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Corn+Soybean Digest

5 Tips for Managing Resistant Weeds | Resistant Weeds March On

5 Tips for Managing Resistant Weeds | Resistant Weeds March On
Pay attention to waterhemp, marestail, giant ragweed and Palmer amaranth.

Weed resistance is increasing “at an alarming rate; we need to follow stewardship programs to the letter to preserve the herbicide products we have,” warns Michael Owen, Iowa State University Extension weed specialist. Common waterhemp, marestail (horseweed) and giant ragweed are likely to be the biggest weed challenges for Corn Belt farmers in 2013, and Palmer amaranth will be the next big weed threat, Owen says.

“The big story in Iowa will be waterhemp,” he says, noting tests show almost 30% of Iowa’s waterhemp is resistant to ALS inhibitors, atrazine and glyphosate.

“Marestail and giant ragweed are not as common. Marestail is primarily widespread in no-till fields, and ragweed is kind of where you find it, but it’s important for the growers who have it,” he says.

“As you go from West to East in the Corn Belt, the frequency of issues with marestail and ragweed increases. In Ohio, marestail is a bigger issue than waterhemp.”

Owen offers these tips for managing an increasingly herbicide-resistant weed population:

  1. Diversify your management approach. “Forget the siren song of simplicity. Growers are used to diversifying hybrid choices and fertility treatments to mitigate risk. The same approach for weeds means knowing what you’ve done historically, knowing if you’re seeing issues in specific fields, scouting and managing weeds for as small a unit as possible. Don’t treat all fields alike.”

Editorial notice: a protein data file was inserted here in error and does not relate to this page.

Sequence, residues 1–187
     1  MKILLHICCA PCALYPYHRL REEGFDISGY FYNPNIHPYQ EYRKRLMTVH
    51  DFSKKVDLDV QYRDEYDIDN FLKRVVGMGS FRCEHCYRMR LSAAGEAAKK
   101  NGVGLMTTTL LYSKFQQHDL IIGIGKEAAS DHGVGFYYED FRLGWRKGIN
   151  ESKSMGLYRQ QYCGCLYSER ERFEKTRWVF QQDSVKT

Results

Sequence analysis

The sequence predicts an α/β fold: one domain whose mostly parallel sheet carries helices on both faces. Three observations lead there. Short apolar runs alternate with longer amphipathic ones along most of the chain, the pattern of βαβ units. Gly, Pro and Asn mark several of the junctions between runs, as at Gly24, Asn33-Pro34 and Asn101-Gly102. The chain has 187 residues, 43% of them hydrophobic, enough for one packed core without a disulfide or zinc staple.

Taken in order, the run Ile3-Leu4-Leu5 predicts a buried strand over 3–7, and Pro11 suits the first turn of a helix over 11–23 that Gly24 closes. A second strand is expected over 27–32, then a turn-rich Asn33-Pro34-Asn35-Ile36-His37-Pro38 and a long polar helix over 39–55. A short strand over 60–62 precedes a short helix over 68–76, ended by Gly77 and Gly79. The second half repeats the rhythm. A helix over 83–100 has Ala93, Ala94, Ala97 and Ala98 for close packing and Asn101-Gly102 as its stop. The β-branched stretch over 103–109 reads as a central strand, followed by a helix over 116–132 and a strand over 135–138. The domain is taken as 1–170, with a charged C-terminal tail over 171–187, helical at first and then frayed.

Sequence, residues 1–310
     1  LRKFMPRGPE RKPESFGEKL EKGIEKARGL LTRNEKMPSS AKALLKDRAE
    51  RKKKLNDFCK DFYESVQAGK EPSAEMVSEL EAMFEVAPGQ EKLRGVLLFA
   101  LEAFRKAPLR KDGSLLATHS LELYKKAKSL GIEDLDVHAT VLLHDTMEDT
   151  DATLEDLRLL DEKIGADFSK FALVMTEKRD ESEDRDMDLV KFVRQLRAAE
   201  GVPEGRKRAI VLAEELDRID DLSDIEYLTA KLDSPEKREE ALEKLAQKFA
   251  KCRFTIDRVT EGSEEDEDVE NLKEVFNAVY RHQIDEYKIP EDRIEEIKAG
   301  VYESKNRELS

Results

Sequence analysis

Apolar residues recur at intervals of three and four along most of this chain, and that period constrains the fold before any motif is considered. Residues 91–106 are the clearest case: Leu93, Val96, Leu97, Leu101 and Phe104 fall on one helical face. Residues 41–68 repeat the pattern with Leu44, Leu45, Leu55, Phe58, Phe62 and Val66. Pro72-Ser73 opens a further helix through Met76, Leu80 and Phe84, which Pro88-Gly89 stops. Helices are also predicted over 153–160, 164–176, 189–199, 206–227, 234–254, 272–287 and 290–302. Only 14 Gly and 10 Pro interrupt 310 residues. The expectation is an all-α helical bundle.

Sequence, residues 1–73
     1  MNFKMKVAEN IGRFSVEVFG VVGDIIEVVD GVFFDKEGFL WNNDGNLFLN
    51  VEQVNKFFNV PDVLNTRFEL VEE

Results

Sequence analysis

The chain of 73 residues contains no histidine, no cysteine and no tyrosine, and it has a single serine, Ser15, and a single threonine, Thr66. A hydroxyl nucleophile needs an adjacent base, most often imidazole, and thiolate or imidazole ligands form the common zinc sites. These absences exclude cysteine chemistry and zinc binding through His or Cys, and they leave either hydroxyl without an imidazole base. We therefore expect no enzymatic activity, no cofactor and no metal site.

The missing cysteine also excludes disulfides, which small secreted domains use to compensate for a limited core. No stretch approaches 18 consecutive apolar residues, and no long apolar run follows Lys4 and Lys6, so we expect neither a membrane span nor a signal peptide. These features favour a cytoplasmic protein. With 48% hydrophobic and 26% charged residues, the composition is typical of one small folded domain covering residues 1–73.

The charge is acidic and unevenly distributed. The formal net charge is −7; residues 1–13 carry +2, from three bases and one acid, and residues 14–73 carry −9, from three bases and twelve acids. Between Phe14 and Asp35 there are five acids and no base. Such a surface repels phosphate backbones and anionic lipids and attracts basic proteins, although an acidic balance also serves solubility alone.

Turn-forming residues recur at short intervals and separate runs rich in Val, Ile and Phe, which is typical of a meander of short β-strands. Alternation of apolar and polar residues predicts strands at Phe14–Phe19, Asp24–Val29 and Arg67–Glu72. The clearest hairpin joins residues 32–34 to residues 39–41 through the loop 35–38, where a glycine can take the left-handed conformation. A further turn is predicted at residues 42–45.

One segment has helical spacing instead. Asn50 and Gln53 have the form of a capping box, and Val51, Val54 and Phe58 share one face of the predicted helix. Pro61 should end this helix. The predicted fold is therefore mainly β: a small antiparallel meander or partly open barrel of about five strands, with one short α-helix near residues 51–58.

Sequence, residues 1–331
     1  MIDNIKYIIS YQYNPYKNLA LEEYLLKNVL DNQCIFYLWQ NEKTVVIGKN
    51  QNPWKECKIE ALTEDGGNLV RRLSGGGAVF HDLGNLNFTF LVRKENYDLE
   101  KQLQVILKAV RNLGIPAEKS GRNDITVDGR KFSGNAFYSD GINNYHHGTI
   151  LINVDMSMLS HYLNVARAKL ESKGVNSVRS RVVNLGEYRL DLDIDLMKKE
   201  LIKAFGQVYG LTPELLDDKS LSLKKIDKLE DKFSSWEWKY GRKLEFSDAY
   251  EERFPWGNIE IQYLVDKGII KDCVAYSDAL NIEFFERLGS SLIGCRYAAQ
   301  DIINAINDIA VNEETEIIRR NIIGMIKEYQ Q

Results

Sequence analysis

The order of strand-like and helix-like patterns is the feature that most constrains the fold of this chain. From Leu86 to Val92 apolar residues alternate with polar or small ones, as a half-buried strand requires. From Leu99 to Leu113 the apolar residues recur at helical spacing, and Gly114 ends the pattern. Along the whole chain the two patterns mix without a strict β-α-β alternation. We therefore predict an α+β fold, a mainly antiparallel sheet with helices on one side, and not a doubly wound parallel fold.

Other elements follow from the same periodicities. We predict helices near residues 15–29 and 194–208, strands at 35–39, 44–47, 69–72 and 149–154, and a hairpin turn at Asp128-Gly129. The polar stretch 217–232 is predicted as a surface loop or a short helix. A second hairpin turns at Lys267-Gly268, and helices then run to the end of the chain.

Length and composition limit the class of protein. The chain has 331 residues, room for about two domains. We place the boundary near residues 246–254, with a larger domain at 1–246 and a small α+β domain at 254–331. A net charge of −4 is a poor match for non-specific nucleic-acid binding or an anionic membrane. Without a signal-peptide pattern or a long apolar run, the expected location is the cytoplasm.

2. Use herbicide group numbers to diversify weed management. “We still have too many growers relying solely on one post-emergent herbicide for control,” he explains. “Even if you’re applying a herbicide with multiple numbers, you aren’t diversified if the weeds already are resistant to some of those sites of action.”
  3. No herbicide will provide consistent, season-long control. An herbicide that lasts that long could present a carryover problem. Meanwhile, “don’t get too paranoid on carryover from 2012,” Owen says. “The best thing is to know what was applied in each field, when it was applied, and when it got rain, then make a good business risk decision.” The highest risk of carryover is associated with atrazine, chlorimuron, inazaquin and simazine.
  4. Use residual soil herbicides with multiple effective sites of action. “We are leaving a lot of money on the table in lost yield potential from early weed competition,” Owen argues. “There’s lots of grower field data on the economic viability of using residuals.”
  5. Scout, scout, scout. “Better weed management begins with including more diverse tactics, scouting, and using multiple herbicides with alternative effective sites of action,” he concludes.
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